University harnessing big data to aid regional industries through new initiative
East Carolina University reinforced its commitment to drive economic growth in the region Monday with the announcement of a new Economic Growth Collaboratory.
More than 100 industry and community leaders attended ECU’s industry roundtable luncheon where Dr. Jay Golden, vice chancellor for research, economic development and engagement, shared the university’s vision for the collaboratory and its role in driving economic prosperity in eastern North Carolina.
“ECU will become a national model of active engagement with business and community leaders to create the organizational strategies, investments and policies that result in the growth of existing businesses, while creating a new generation of homegrown companies throughout the region,” Golden said.
To meet this charge, the ECU Economic Growth Collaboratory will focus on the development of powerful new approaches which leverage big data and analytics with visualization and community-wide collaboration to find meaningful pathways and opportunities for economic growth. More specifically, the collaboratory will:
- Cultivate, house, analyze and visualize big data that supports business-based solutions that drive economic development.
- House a collaboration space for up to 50 participants on ECU’s planned Millennial Campus where representatives from industry, economic development offices, academics and community leaders will explore big data developed by ECU researchers in the sciences, engineering, business, education and health fields.
- The collaboratory will feature a 270-degree immersive visualization hub that will allow representatives from industry and government to examine previously unavailable data that will be visualized, modeled and put into simulation by ECU researchers allowing for a new generation of solutions and opportunities.
- Provide satellite decision centers throughout rural North Carolina using ECU’s network of eight Community Service Learning Centers and its Outer Banks Campus. The decision centers will be connected to the collabatory’s home in Greenville.
- Support local communities, utilities, industry and state agencies in the development of new insights and analyses that provide rural and coastal communities a competitive advantage in the recruitment and retention of industries.
“ECU is committed to supporting the growth of businesses located in eastern North Carolina,” Golden said. “We’re not only devoted to expanding our faculty and student research base, but we’re investing in infrastructure to drive public-private partnership opportunities. A thriving research environment serves to benefit our regional industries and the collaboratory is one of the first steps toward developing mutually beneficial alliances between the university and businesses located in eastern North Carolina.”
The collaboratory officially launches in March with an initial focus on value-add agriculture.
Similar collaborations have been successful at other universities across the country. Arizona State University has been able to address local, national and international issues through its Decision Theater Network and Virginia Tech’s Discovery Analytics Center has brought together computer scientists, engineers and statisticians to meet workforce needs through data analysis.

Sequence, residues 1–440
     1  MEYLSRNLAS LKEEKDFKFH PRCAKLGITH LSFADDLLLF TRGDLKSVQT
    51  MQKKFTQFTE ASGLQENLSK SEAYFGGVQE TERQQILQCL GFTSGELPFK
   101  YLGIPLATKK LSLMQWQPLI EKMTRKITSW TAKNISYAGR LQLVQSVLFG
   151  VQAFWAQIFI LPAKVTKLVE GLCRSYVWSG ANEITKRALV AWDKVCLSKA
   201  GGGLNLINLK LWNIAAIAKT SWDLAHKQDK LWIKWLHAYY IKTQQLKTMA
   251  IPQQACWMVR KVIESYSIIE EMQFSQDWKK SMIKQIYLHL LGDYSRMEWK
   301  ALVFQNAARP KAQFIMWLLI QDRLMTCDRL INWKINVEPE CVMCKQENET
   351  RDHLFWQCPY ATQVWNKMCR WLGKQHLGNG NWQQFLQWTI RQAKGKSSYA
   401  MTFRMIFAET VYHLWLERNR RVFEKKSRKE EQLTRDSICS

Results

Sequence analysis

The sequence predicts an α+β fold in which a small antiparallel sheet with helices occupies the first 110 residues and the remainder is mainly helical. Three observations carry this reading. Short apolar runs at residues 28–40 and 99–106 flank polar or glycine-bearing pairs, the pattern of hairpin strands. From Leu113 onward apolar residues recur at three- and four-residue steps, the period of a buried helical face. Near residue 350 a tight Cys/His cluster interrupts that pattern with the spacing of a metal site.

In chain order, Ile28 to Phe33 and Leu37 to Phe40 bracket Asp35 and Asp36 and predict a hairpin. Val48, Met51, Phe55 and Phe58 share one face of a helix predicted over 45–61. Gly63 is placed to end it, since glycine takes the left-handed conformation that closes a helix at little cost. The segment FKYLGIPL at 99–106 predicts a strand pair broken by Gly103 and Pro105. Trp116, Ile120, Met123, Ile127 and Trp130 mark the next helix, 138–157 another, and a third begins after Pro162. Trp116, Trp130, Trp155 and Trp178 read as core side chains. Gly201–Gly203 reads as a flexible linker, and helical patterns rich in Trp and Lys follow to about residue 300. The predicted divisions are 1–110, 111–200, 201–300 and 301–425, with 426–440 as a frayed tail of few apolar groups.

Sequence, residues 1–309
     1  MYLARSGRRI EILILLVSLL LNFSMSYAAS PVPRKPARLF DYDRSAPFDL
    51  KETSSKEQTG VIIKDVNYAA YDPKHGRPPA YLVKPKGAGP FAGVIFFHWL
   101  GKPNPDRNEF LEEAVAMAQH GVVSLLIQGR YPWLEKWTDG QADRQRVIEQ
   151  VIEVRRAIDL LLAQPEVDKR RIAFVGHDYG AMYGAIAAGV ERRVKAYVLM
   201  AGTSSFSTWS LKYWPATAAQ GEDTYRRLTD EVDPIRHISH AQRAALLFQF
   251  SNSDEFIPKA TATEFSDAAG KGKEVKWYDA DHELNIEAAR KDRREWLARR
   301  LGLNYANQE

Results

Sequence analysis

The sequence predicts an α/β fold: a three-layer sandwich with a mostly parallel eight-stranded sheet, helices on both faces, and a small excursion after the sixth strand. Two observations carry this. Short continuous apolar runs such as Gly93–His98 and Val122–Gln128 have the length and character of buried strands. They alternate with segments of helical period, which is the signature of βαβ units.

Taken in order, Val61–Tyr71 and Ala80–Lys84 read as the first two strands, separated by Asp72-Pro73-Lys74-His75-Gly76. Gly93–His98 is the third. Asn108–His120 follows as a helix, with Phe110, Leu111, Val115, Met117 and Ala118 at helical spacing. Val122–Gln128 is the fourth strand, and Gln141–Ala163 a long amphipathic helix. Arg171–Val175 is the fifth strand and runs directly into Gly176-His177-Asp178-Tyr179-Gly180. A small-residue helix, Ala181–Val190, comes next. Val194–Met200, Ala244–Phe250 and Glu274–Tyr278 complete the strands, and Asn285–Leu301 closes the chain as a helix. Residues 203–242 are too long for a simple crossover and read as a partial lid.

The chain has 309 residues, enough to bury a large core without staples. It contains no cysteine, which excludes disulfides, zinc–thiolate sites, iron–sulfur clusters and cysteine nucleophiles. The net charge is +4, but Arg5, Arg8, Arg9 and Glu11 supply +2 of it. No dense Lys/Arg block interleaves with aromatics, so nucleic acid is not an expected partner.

“Our research programs are growing, but we’re not satisfied with the status quo,” Golden said. “We’re continuing to add infrastructure, like the collaboratory, to develop these big, bold ideas that help ECU researchers tackle the region’s health, economic and educational disparities.”
ECU has promised to produce the most student startup companies in North Carolina through its recently launched student microenterprise program and is in the processing of developing the Van and Jennifer Isley Innovation Hub – the largest university space of its type in North Carolina – that will serve as an additional work space for innovative design, mentoring and prototyping. The university is also home to the Miller School of Entrepreneurship, the only named school of its kind in the state.
The collaboratory is part of ECU’s Rural Prosperity Initiative. The initiative harnesses the intellectual strengths and research resources of ECU to improve the quality of life, health, education and employment for eastern North Carolinians. Learn more about the RPI and other ECU initiatives that spur innovation.
ECU also honored a pair of industry leaders at the Jan. 28 luncheon.
The university recognized Grady-White Boats owner and CEO Eddie Smith with its Regional Commitment Award and Grover Gaming owner and CEO Garrett Blackwelder with its Emerging Business Leader Award.
The duo were presented their awards by ECU Chancellor Cecil Staton and Vice Chancellor for Research, Economic Development and Engagement Jay Golden.
For more than 60 years, Grady-White Boats has been an integral part of Greenville’s industrial sector. Established in 1959, Grady-White was purchased by Smith in 1968 and has since been awarded every third-party customer satisfaction award presented in the marine industry. The company has twice expanded its manufacturing facility in Greenville, investing millions of dollars and creating new jobs in the region.
Like Smith, Blackwelder and Grover Gaming have quickly emerged as an industry leader in their field. The electronic gaming design company has built a reputation for cutting-edge gameplay interfaces and graphics, while raising more than $80 million for charitable causes. Blackwelder, an ECU alum and men’s basketball letterwinner, aims to grow Grover Gaming’s workforce to 200 employees within the next year and a half. The company also operates offices in Georgia, Wisconsin, Kentucky, Virginia and New Hampshire.
Smith and Blackwelder are the first recipients of the industry-related awards.